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Introduction Renal masses are diagnostic imaging evidence frequently found in clinical practice and include solid or cystic type lesions, benign or malignant; whose differential diagnosis could be complex (1). Simple cysts are the most frequent masses and these are in about 50% of the population over 50 years; these lesions may be complicated by contextual hemorrhages or infections that make them even more difficult to diagnose. Furthermore, approximately 10% of renal cell carcinomas (Ca) at first could be shown as a simple or complex cyst (2,3). The most common benign tumor mass of the kidney are oncocytoma and angiomyolipoma; oncocytoma represents about 5% of cortical renal masses and the differential diagnosis of renal cell Ca is not always easy (4). Renal cell Ca is the most common malignant solid renal mass, representing about 2-3% of all cancers of people in adulthood especially in 60-70 years old men (5); in particular, there are different kinds of renal cell Ca: the clear cell type is histologically the most frequent, while papillary Ca, chromophobe Ca and collecting duct Ca are rarer. Other tumor lesions are transitional cell Ca; these represent about 10% of upper urinary tract tumors and Wilms’ tumor of childhood (6); although rarely observed (1%), medullary Ca of the kidney shows a particularly poor prognosis (7); finally, lymphomas and metastasis could involve a hard differential diagnosis. Diagnostic imaging techniques play a key role in the identification of renal masses in terms of tumor detection, lesion staging and post-treatment followup evaluation. Diagnostic imaging provides different modalities such as ultrasound, computed tomography (CT) and magnetic resonance (MR). CT at present is the gold standard in the characterization and staging of renal masses (8); in particular, CT shows a high diagnostic sensitivity in the identification of small lesions due to the excellent spatial resolution of the latest generation equipment with multi-detector or multi-slices technology (MDCT). MR has been proposed as an alternative technique to CT scan as the new MR equipment with high-intensity magnetic fields offers excellent image quality; in particular, MR multi-planarity without ionizing radiation is really favorable for the study of the upper abdomen (9). For these reasons, MR is currently performed in unclear cases as problem-solving imaging study, as alternative technique to CT; limited studies have shown similar diagnostic accuracy of MR compared to CT (10-13). In this study we report our experience regarding the comparison of MDCT and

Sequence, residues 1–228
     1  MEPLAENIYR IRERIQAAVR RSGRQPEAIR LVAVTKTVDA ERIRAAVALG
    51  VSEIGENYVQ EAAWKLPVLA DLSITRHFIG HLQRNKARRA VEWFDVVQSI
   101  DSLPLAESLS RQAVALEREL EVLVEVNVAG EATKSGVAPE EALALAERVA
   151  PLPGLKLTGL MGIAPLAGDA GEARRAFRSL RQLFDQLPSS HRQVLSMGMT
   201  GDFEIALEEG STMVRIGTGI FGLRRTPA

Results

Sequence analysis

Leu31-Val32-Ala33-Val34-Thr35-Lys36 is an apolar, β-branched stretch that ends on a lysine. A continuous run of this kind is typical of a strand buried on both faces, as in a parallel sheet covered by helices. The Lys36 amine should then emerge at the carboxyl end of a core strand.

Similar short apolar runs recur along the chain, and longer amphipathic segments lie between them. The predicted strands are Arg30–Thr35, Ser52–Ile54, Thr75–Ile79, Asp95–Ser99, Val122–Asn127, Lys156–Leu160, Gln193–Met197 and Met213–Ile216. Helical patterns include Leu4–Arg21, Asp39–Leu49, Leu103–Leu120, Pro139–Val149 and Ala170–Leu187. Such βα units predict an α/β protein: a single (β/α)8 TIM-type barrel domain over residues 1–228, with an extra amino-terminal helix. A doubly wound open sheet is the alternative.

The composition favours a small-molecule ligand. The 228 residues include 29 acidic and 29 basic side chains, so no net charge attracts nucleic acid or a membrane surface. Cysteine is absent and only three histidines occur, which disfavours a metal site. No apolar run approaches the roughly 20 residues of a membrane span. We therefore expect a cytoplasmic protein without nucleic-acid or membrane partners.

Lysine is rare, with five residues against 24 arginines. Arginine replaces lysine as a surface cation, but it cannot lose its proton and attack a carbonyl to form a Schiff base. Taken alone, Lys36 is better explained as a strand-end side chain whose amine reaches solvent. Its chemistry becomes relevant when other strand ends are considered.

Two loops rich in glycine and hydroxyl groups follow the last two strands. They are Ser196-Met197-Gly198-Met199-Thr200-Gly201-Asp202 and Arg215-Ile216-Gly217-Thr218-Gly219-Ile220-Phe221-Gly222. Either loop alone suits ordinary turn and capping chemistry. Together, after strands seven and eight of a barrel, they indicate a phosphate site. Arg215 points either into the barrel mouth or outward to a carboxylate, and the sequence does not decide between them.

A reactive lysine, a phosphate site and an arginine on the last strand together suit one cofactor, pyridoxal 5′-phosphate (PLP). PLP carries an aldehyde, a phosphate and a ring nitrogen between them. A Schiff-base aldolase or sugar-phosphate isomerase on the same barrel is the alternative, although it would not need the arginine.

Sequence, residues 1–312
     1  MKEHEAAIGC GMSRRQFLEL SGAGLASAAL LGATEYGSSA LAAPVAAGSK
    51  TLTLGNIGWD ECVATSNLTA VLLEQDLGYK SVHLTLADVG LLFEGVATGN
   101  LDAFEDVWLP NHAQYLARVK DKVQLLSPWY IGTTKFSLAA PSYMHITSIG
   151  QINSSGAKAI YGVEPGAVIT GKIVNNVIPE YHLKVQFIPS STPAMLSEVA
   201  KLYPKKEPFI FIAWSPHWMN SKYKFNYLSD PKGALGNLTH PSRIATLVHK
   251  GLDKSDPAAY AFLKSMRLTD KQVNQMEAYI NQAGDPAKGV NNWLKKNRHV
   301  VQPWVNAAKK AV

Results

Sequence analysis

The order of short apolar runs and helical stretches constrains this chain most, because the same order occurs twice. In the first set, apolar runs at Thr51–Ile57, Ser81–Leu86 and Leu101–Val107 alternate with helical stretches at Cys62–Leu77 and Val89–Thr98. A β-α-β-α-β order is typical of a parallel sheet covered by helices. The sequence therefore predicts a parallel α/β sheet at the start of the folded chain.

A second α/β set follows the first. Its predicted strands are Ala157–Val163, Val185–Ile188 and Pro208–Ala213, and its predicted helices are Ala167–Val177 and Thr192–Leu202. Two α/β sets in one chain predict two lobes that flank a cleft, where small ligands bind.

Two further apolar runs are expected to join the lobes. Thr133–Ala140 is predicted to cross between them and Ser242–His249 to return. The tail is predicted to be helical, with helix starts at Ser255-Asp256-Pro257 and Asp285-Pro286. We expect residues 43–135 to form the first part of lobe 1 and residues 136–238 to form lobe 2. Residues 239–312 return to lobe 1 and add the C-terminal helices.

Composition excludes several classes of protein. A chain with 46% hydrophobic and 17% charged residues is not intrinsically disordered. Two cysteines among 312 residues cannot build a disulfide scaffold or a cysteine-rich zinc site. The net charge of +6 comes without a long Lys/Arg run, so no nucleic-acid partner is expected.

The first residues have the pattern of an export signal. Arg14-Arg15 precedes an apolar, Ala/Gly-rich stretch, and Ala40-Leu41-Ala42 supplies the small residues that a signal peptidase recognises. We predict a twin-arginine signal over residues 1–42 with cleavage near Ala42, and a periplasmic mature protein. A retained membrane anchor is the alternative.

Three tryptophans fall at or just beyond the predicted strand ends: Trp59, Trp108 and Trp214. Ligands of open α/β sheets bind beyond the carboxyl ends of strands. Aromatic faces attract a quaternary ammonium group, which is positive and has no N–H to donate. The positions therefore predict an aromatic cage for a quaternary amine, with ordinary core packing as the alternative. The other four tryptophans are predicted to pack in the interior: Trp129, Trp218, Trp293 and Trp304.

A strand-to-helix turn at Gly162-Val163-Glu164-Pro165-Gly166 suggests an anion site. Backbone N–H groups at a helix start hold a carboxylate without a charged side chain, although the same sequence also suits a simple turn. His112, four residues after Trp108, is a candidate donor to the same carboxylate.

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Baldari et al. MSCT and MRI imaging to assess renal masses

MRI high-field results to assess the identification and characterization of renal masses. Materials and methods Population We included in our retrospective study, 29 patients (16 males and 13 females) ranging in age from 8 to 85 years (mean 61±17 years) with histological (n=30) or cytological (n=1) diagnosis of renal masses; all patients underwent CT and MR studies within the same week. A total of 31 renal masses were evaluated since a double lesion was observed in 2 patients. The majority of the lesions was malignant (74%; n=23) and with different histological type: renal cell Ca (n=16), chromophobe renal cell Ca (n=2), squamous cell Ca (n=1), urothelial Ca (n=2), lymphoma (n=1), Wilms tumor (n=1); in the remaining 8 masses (26%) expansive benign lesions were found as follow: focal pyelonephritis (n=2), simple cyst (n=1), hematic cysts (n=1), lipoma (n=1) and oncocytoma (n=3); patient clinical characteristics are shown in Table 1. Computed tomography The examinations were performed with a Toshiba Aquilon 64 slices scanner; venous access to inject the contrast was positioned in an antecubital vein of the arm by means of an 18-20 gouge-needle cannula. The first acquisition without the injection of contrast was performed at the level of the upper abdomen in cranio-caudal direction from the diaphragm to the iliac crests using the following technical parameters: collimation =16×1, pitch =0.875, kV =120, mAs =260 and field of view (FOV) =25 cm. Three scans were performed after intravenous injection of nonionic water-soluble iodinated contrast (iopromid Ultravist Schering) again in cranio-caudal direction according to the parameters: collimation =16×1, reconstruction interval =1.25 mm, pitch =0.875, kV =120, mAs=260, FOV =25 cm; the post-contrastographic acquisitions were synchronized by the “bolus tracking” technique in corticomedullary phase (40-55 s), nephrographic phase (90-120 s) and excretory phase (about 5 min); in all patients 100-130 mL of contrast (1.5 mL/kg) with a iodine concentration of 370 mg/mL were injected with automatic injector at 2-3 mL/s speed. Magnetic resonance MR study was performed using a high-field (3 Tesla) scanner